Gardner-Webb v Duke

PBT NBA Draft preview: Top 10 power forwards

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This draft is deep at the power forward spot — four of these players are likely to go in the top 10, including possibly the No. 1 slot, and the national player of the year in college has a few guys in front of him.

What you’ll notice is most of these guys are more the modern power forward — they can score in the paint with power but also have a good midrange game and use their athleticism to run the floor. They blend in better with a positionless style of play.

Ed Isaacson of NBADraftBlog.com and Rotoworld put this list together for PBT, as we have leaned heavily on him through this draft.

1. Jabari Parker, Freshman, Duke, 6’8, 241
Parker may eventually move to the 3 after a few seasons, but for now, he will be his most effective as a 4 who can play inside or out. He is a tough match-up for defenders at either forward spot, having ballhandling and footwork at his size way beyond his years. He is very good facing up out of the low post or finding holes in the defense caused by penetration. While he is capable of hitting NBA-range threes, Parker showed a tendency to settle for guarded long-range shots instead of playing where he was more effective. He is a strong rebounder on both ends of the floor, though he is a below-average defender, even when he puts in the effort. Parker will be the freshman most likely to make a quick impact for his new team.

2. Julius Randle, Freshman, Kentucky, 6’9, 250
Randle is a beast around the basket, using his body as well as anyone in this draft to clear space for good shots. He has strong footwork, and though he prefers to overpower players, he does show some nice moves when he gets the ball deep in the post, along with excellent shooting touch around the basket. Randle does need to continue to work on using his right hand, both handling the ball and shooting around the basket, as he goes almost exclusively to his left and defenses caught on later in the season. He’s an average defender, but he uses his body well to clean up on both the offensive and defensive boards.

3. Noah Vonleh, Freshman, Indiana, 6’9, 247
Vonleh has good length, athleticism and developing skill, but he still has to improve significantly on both ends of the floor before he can become a factor in the NBA. He needs to be more aggressive when he gets the ball around the basket, and though he has shown an ability to knock down jumpers, he needs to show he can be a consistent threat in the post. Vonleh has potential as a rim protector, but he gets taken out of plays defensively by opponents who out work him around the basket. Not even 19 years old, Vonleh has plenty of potential, but whatever team takes him will need to put in a lot of development work with him.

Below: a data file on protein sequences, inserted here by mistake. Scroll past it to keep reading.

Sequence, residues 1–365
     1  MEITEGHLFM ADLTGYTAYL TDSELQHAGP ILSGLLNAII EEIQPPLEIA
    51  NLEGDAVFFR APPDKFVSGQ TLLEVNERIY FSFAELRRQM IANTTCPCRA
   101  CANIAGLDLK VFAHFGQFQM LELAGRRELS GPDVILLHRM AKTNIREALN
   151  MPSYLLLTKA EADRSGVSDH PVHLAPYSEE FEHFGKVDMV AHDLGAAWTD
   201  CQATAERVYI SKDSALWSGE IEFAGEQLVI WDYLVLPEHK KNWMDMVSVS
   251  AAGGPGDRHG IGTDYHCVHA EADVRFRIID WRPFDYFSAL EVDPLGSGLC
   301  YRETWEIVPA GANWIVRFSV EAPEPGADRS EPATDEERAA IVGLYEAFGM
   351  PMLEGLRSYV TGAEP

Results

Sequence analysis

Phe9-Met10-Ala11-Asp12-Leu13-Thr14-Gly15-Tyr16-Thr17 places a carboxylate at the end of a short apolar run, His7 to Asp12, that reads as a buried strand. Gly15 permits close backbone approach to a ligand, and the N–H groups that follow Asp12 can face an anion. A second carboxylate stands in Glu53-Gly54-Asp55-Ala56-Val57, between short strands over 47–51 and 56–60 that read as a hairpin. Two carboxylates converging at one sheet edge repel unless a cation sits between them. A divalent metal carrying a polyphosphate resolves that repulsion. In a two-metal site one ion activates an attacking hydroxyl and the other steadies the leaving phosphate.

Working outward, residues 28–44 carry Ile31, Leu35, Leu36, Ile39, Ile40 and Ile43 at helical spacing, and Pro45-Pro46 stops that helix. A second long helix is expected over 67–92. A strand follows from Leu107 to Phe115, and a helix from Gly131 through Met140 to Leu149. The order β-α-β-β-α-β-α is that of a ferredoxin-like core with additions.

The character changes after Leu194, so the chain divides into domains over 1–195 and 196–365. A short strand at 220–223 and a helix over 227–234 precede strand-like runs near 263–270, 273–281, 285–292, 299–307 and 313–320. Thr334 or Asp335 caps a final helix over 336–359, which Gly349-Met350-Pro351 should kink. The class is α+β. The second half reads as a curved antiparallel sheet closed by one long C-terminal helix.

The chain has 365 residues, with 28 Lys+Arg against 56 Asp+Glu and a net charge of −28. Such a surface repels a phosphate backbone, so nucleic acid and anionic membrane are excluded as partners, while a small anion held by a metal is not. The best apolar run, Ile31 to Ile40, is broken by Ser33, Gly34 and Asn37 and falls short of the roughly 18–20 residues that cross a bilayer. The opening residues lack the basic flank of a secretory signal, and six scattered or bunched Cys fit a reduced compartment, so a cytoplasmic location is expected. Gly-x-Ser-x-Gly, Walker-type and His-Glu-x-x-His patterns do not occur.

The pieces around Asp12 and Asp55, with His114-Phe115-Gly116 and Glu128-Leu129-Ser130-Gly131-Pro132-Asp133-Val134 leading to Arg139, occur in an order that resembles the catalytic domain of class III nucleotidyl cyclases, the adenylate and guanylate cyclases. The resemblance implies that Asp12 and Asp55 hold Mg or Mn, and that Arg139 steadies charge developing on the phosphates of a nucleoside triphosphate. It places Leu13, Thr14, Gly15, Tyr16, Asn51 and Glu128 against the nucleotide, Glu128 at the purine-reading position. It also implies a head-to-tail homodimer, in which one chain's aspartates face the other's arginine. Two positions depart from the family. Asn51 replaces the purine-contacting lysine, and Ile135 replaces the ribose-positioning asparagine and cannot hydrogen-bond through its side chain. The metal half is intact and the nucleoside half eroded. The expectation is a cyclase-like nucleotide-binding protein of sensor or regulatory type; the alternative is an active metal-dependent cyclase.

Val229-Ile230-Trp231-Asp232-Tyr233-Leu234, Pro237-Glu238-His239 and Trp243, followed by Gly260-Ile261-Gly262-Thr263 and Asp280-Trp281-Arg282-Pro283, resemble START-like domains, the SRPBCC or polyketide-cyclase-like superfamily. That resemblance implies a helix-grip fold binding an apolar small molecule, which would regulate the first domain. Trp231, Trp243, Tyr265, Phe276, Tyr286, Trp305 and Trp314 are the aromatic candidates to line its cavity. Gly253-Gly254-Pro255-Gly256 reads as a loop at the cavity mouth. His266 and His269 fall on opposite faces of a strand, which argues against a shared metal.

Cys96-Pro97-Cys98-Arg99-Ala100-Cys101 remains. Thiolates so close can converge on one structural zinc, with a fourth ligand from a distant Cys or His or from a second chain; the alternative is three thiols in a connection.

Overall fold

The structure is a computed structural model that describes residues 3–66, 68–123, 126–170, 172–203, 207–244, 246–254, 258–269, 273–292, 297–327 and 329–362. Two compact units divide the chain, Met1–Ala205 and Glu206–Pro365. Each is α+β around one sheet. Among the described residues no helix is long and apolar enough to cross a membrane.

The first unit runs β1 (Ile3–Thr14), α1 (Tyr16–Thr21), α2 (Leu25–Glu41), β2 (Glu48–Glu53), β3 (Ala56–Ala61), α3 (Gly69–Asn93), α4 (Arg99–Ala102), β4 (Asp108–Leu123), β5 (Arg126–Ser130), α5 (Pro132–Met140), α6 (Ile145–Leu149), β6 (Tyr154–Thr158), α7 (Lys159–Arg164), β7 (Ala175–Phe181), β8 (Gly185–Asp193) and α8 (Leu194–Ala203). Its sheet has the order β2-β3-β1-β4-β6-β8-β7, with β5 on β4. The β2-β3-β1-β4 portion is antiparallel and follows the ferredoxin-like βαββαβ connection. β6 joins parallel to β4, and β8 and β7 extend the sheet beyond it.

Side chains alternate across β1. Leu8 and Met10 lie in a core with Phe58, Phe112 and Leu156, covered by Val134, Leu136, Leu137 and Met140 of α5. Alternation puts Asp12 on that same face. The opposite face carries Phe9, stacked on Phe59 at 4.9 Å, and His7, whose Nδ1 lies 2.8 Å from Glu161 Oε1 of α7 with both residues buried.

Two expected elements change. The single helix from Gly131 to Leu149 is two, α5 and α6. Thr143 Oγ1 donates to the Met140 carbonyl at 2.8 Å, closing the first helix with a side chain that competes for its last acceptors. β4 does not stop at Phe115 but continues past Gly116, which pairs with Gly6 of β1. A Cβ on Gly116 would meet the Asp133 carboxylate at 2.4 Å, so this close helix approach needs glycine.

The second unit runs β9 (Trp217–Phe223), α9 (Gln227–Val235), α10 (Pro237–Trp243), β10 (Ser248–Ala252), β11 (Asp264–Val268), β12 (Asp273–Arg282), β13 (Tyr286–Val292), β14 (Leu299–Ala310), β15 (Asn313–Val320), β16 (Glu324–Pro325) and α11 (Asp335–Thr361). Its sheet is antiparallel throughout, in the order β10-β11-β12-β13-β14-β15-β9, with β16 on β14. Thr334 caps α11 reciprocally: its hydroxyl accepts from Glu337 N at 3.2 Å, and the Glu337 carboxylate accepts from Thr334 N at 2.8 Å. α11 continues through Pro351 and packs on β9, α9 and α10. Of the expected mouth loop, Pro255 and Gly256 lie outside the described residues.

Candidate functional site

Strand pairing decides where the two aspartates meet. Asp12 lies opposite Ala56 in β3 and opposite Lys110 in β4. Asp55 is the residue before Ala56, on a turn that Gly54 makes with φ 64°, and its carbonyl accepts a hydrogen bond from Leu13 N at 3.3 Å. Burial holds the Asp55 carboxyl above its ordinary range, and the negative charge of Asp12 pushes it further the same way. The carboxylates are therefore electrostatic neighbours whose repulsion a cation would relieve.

4. Doug McDermott Senior, Creighton, 6’8, 218
The best scorer in this draft class, or probably any draft class the past few years, McDermott will give any team an instant boost in offense with his ability to put up points from anywhere on the floor. McDermott is a career 46% shooter from three-point range, and many of the shots he was hitting would have been good from beyond the NBA arc. He is also capable of getting position in the high or low posts and making strong moves to the basket. McDermott is a capable rebounder and though he will never likely be an all-defensive player, concerns about his ability to defend in the NBA are likely exaggerated.

5. Adreian Payne, Senior, Michigan State, 6’10, 239
Payne was finally able to put together his athletic ability and skill this past season to show everyone what kind of player he can really be. He is a capable scorer in the post and the perimeter, and with a little more freedom on the offensive end, he has the potential to be a mismatch for many defenders. Payne needs to be more aggressive on the boards and when defending in the lane area, but his length helps him to alter shots, even if he isn’t blocking them. Even though he is 23 years old already, there is still some room for his game to grow before he likely hits his ceiling.

6. Aaron Gordon, Freshman, Arizona, 6’9, 220
While he is limited skill-wise so far, Gordon can be a relentless worker on the offensive end and can create a lot of opportunities on the offensive boards. He is at his best when he plays around the basket or gets out in transition, but he spends too much time out on the perimeter, either trying to create off the dribble or shoot jumpers, neither of which he is very good at. Gordon is extremely tough on defense and has the ability to guard multiple positions. Right now, he relies on his athleticism too much, but at 18 years old, there is a lot of long-term potential as he continues to develop.

7. Dario Saric, 20 years old, Croatia, 6’10, 223
Saric is an extremely skilled offensive player, able to handle the ball well for his size, showing good court vision and passing ability, and the ability to create scoring chances in the halfcourt or transition, though he needs to continue to work on his jumper. Defensively, he is going to have problems adjusting to the NBA as he needs to get stronger to defend power forwards, but lacking the lateral quickness or skill to defend small forwards. He is an intriguing prospect who can thrive in the right system, but he may need another year or two in Europe before he is ready to come over and compete in the NBA.

8. Jarnell Stokes, Junior, Tennessee, 6’8, 263